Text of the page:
AWS For Developers For Dummies
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You have a number of ways to work with DynamoDB and AWS. For example, you can go with the local option. However, the local option is really only good for experimentation. If you want to start creating a production system, you need to get onto AWS and perform the required tasks in the cloud.

Before you can do anything with DynamoDB, you must create an instance of it, just as you do for RDS. The following procedure helps you get started with DynamoDB so that you can perform some interesting tasks with it:

  1. Sign into AWS using your user account.
  2. Navigate to the DynamoDB Management Console.

    You see a Welcome page that contains interesting information about DynamoDB and what it can do for you. However, you don’t see the actual console at this point. Notice the Getting Started Guide link, which you can use to obtain access to tutorials and introductory videos.

  3. Click Create Table.

    You see the Create DynamoDB Table page. Amazon assumes that most people have worked with an RDBMS database, so the instructions for working with RDS are fewer and less detailed. Notice the level of detail provided for DynamoDB. The wizard explains each part of the table creation process carefully to reduce the likelihood that you will make mistakes.

    table characteristics AWS Start defining the characteristics of the table you want to create.
  4. Type TestDB in the Table Name field.

    Pick a descriptive name for your table. In this case, you need to remember that your entire database could consist of a single, large table.

  5. Type EmployeeID in the Primary Key field and choose Number for its type.

    When working with a NoSQL database, you must define a unique value as the key in the key-value pair. An employee ID is likely to provide a unique value across all employees. Duplicated keys will cause problems because you can’t uniquely identify a particular piece of data after the key is duplicated.

    A key must also provide a simple value. When working with DynamoDB, you have a choice of making the key a number, string, or binary value. You can’t use a Boolean value because you would have only a choice between true and false. Likewise, other data types won’t work because they are either too complex or don’t offer enough choices.

    Notice the Add Sort Key check box. Selecting this option lets you add a secondary method of locating data. Using a sort key lets you locate data using more than just the primary key. For example, in addition to the employee ID, you might also want to add a sort key based on employee name. People know names; they tend not to know IDs. However, a name isn’t necessarily unique: Two people can have the same name, so using a name as your primary key is a bad idea.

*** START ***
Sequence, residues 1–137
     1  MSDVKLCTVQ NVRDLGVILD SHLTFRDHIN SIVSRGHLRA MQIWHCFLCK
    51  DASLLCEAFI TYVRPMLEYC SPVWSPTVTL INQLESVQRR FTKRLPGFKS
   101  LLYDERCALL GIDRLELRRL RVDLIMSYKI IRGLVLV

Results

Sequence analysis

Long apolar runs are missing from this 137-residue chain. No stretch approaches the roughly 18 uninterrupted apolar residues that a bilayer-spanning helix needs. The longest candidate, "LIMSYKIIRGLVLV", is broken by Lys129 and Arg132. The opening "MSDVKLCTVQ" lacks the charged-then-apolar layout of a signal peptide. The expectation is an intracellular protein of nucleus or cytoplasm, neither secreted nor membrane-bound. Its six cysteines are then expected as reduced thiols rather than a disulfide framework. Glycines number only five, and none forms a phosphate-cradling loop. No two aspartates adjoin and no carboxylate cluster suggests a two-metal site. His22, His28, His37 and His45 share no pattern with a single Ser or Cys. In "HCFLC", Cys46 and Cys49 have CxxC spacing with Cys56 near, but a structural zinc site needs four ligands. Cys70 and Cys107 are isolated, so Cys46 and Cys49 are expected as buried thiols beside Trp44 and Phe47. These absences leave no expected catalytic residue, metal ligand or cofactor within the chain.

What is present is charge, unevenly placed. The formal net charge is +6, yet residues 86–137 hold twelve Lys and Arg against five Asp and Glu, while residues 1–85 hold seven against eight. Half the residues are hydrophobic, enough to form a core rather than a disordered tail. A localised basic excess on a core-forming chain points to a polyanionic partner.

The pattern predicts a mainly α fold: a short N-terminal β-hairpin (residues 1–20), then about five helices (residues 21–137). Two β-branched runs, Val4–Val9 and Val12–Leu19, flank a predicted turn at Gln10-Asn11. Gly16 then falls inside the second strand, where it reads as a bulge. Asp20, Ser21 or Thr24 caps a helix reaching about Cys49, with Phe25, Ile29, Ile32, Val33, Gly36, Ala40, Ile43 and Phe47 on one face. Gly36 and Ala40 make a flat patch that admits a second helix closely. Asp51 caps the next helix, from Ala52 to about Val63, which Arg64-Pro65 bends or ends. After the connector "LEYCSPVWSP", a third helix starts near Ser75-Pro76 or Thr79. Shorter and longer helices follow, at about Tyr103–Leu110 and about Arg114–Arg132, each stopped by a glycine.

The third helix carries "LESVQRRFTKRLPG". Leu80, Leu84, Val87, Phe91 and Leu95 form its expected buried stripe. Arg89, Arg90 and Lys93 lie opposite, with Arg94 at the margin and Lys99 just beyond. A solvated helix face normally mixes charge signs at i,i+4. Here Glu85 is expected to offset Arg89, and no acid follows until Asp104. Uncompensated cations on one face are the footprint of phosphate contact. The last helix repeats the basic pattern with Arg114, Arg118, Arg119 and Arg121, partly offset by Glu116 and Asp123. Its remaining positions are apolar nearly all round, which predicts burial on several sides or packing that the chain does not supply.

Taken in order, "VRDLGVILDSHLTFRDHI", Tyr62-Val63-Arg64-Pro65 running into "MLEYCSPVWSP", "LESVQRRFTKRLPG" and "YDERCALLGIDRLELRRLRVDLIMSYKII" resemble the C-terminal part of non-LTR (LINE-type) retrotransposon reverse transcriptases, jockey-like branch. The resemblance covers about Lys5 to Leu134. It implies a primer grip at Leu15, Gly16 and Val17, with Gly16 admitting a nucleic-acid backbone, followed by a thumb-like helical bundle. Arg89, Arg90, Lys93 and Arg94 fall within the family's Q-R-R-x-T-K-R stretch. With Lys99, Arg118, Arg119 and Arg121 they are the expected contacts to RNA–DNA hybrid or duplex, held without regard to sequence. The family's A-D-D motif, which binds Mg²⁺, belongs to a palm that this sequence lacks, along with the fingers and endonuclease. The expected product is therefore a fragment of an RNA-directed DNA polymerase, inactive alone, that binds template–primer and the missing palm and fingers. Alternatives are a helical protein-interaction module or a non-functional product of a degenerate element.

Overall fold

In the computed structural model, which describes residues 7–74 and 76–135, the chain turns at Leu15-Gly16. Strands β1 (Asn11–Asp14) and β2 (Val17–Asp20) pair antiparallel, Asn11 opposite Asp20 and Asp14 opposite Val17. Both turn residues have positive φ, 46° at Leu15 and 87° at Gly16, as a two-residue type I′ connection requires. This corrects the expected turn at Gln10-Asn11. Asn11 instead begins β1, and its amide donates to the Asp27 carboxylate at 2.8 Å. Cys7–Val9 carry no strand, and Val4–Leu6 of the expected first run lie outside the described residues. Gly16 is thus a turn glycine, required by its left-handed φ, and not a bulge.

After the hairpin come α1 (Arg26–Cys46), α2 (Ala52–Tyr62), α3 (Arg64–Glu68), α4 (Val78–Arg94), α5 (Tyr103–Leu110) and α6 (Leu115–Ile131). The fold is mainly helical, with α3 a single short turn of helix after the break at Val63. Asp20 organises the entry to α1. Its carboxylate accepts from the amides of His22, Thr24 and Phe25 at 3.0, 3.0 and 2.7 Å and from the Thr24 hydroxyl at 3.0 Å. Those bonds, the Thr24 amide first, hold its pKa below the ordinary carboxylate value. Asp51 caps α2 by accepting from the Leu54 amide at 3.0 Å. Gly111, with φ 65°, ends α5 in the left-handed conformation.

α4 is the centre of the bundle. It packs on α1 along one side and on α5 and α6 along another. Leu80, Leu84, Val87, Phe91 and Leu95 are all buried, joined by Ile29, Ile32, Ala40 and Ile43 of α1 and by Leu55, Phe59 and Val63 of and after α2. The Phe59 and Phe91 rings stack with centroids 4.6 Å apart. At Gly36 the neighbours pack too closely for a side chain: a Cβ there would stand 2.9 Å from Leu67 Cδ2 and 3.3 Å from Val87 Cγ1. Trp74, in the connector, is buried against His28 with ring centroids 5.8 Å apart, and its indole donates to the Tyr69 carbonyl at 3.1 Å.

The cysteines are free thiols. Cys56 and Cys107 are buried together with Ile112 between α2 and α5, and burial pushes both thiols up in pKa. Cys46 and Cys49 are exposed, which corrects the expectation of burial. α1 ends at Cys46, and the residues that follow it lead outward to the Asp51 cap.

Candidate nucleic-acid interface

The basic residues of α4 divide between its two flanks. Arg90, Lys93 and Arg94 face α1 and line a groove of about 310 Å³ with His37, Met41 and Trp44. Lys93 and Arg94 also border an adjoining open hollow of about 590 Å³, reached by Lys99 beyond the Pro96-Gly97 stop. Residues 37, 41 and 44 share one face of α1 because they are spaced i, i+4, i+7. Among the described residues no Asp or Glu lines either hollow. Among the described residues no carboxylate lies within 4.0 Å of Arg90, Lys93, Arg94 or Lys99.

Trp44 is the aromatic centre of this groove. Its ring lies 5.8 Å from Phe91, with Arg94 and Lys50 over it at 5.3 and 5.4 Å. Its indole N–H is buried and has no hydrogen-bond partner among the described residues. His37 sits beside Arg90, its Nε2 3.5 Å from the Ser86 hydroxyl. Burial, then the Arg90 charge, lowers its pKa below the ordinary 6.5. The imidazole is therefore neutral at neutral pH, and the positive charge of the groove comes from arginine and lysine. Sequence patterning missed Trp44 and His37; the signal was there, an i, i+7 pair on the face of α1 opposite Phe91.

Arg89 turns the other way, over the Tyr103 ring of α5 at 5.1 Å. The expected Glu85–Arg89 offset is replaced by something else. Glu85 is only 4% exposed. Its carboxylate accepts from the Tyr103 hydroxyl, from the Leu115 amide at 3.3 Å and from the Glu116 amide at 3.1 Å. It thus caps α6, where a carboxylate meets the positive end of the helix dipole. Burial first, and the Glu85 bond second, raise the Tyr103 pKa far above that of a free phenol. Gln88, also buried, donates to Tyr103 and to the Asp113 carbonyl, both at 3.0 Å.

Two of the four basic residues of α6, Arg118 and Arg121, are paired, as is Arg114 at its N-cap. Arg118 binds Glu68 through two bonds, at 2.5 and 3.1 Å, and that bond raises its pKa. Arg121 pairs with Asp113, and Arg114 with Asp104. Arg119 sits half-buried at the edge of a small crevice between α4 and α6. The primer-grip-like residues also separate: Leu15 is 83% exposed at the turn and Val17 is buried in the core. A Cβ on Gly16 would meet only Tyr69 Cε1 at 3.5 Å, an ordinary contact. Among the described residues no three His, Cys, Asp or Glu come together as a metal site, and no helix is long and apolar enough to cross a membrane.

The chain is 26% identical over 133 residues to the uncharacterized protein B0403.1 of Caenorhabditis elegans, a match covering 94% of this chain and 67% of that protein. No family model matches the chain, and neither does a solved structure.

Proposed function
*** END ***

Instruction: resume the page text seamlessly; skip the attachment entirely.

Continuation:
The default settings create a NoSQL table that lacks a secondary index, allows a specific provisioned capacity, and sets alarms for occasions when applications exceed the provisioned capacity. A provisioned capacity essentially determines the number of reads and writes that you expect per second. Given that this is a test setup, a setting of 5 reads and 5 writes should work well. Read more about provisioned capacity in this AWS article.

  6. Select Add Sort Key.

    You see another field added for entering a sort field. Notice that this second field is connected to the first, so the two fields are essentially used together.

    sort key AWS Choose a sort key that people will understand well.
  7. Type EmployeeName in the sort key field and set its type to String.
  8. Click Create.

    You see the Tables page of the DynamoDB Management Console. Each of the tabs tells you something about the table. The More link on the right of the list of tabs tells you that more tabs are available for you to access.

    Click the right-pointing arrow to show the Navigation pane, where you can choose other DynamoDB views (Dashboard and Reserved Capacity).

    Table page AWS The table you created appears in the Tables page.

About This Article

This article is from the book:

About the book author:

John Mueller is an author and technical editor who has written 103 books. Some of his current works include Python development books. He has also written AWS For Admins For Dummies, which provides administrators a great place to start with Amazon Web Services (AWS). John has had an interest in AWS since its inception. In fact, he wrote Mining Amazon Web Services based on that humble beginning. Be sure to read John's blog at

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